9 August 2017

UK government must provide CJEU clarity post Brexit: Lord Neuberger

The president of the UK Supreme Court has stated that the British government needs to clarify how UK law will be developed post-Brexit.

In an interview with the BBC, Lord Neuberger said the government need to be "very clear" in telling the judges what to do about decisions by the Court of Justice of the European Union (CJEU) after the UK leaves the EU.

The UK government signed the ‘Great Repeal Bill’ last month, which will see all existing EU legislation transferred into UK law.

The government stated that this is to ensure a smooth transitioning period post Brexit. The bill then gives the UK Parliament the ability to "amend, repeal and improve" the laws as necessary.

UK courts will no longer have to refer questions to the CJEU after the UK has officially left the EU, but historic CJEU rulings will be given the same precedent as those from the UK Supreme Court.

Neuberger told the BBC: "If [the government] doesn't express clearly what the judges should do about decisions of the CJEU after Brexit, or indeed any other topic after Brexit, then the judges will simply have to do their best.”

He added: “All judges would hope and expect Parliament to spell out how the judges would approach that sort of issue after Brexit, and to spell it out in a statute.

“But to blame the judges for making the law when Parliament has failed to do so would be unfair”.

Simon Clark, partner at Bristows, told WIPR that he felt there is an attraction to the UK courts from clients across the continent, so the issue needs addressing quickly.

“There have been some recent contradictory CJEU decisions concerning copyright, for example, where judgments appear to be more and more policy driven,” he explained.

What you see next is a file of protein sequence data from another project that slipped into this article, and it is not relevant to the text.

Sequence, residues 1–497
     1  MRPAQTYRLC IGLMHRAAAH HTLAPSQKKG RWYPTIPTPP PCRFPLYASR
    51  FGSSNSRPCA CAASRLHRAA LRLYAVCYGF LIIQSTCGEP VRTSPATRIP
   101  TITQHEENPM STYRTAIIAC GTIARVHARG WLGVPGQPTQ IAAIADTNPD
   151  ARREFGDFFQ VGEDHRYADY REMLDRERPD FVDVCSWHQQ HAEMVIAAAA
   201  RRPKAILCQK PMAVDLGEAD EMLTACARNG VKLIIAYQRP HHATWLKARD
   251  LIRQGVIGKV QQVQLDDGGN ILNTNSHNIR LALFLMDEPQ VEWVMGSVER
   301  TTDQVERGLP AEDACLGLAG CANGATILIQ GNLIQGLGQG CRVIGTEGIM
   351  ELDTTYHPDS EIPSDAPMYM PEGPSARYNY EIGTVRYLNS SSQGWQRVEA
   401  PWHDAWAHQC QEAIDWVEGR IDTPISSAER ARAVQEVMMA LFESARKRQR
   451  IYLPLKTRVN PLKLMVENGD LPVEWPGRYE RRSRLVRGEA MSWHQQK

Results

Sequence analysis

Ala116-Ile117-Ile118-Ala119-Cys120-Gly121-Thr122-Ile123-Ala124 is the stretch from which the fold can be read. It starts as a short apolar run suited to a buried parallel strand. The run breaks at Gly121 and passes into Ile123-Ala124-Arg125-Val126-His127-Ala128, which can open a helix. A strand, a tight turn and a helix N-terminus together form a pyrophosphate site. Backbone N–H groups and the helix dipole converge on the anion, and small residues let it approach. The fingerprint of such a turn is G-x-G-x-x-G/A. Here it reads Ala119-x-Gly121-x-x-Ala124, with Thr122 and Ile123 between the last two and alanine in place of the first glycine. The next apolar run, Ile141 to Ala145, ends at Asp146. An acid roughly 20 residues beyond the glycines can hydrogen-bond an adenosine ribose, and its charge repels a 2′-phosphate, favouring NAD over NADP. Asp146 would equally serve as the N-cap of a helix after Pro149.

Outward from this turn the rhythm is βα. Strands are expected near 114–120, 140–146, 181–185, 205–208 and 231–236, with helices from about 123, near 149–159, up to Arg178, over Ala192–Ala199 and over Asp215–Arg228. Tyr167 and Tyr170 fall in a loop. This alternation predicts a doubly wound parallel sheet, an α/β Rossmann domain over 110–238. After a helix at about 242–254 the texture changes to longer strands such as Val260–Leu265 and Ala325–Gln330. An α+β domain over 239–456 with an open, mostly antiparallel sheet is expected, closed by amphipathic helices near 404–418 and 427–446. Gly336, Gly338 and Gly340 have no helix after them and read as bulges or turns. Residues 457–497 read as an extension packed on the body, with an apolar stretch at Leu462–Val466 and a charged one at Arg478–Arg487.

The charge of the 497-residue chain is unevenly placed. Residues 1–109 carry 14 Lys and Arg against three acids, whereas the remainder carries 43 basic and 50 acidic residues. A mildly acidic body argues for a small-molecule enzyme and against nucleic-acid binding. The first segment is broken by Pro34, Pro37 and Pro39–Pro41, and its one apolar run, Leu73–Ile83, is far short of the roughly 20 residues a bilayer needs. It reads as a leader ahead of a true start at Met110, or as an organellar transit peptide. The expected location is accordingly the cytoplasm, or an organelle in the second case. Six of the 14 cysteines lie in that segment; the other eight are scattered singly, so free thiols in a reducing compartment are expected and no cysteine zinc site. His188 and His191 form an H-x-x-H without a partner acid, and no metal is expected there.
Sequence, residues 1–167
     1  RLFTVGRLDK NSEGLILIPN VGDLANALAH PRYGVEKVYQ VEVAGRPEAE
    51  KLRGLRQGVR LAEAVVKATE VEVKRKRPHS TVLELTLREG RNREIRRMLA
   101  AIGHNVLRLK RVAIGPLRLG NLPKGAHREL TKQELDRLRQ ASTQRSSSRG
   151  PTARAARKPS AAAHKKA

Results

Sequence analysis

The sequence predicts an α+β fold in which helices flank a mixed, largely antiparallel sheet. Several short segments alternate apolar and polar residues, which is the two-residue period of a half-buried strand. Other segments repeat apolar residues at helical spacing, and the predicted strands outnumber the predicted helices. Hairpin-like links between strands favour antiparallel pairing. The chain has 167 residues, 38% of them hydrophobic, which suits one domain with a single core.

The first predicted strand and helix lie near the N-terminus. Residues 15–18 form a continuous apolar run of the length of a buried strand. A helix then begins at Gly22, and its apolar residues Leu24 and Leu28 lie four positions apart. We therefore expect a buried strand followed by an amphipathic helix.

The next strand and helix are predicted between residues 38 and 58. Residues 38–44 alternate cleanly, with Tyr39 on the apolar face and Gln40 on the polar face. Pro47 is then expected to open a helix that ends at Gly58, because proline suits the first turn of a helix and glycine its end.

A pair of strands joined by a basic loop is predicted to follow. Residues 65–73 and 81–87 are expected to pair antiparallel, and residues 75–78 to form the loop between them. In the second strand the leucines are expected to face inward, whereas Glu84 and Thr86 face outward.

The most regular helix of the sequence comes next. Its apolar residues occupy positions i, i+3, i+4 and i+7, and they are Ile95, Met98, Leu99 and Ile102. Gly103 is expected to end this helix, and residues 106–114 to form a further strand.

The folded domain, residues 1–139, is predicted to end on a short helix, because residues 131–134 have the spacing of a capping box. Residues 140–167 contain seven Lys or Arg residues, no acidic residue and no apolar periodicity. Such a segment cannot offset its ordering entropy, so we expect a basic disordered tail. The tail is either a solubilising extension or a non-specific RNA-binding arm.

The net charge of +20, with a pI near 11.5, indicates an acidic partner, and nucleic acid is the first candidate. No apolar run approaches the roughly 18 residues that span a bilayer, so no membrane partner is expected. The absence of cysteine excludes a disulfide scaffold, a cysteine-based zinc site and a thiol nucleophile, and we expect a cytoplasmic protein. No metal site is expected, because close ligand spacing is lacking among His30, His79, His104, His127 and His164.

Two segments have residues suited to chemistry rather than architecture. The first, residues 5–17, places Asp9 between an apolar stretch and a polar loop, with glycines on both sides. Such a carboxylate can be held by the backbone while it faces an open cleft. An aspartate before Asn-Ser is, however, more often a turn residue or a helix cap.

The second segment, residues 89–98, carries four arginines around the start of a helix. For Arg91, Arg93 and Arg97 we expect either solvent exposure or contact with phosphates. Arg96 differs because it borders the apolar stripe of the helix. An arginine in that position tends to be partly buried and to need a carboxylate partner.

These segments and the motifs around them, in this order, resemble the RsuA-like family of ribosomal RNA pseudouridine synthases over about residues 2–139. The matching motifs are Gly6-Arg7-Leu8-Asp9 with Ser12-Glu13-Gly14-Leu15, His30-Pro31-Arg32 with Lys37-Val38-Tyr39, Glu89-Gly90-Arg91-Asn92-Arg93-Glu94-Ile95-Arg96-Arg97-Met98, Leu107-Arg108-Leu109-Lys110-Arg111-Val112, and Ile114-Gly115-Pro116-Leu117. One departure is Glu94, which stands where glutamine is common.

He added: “We can’t have some judges moving away from the EU position whilst others continue to apply CJEU decisions rigidly. A clear policy is therefore needed, which may be an opportunity for the UK to obtain a competitive advantage in Europe if it is no longer obliged to apply a future unsatisfactory CJEU decision.”

In the months following the Brexit vote, the UK announced its plan to ratify the Unified Patent Court (UPC) Agreement.

However, the deal has yet to be ratified.

Gwilym Roberts, partner at Kilburn & Strode, spoke to WIPR and stated that Neuberger is on a “one man mission to tidy up the Brexit mess”.

“For EU IP we risk a potential de-harmonisation for trademarks and designs which would be retrograde. The clarity and uniformity that was developing were great news for business and far from an illegitimate challenge to our sovereignty,” he stated.

“Patents were about to become harmonised through the UPC and the uncertainty around what will happen definitely hampers IP strategy planning,” he concluded.

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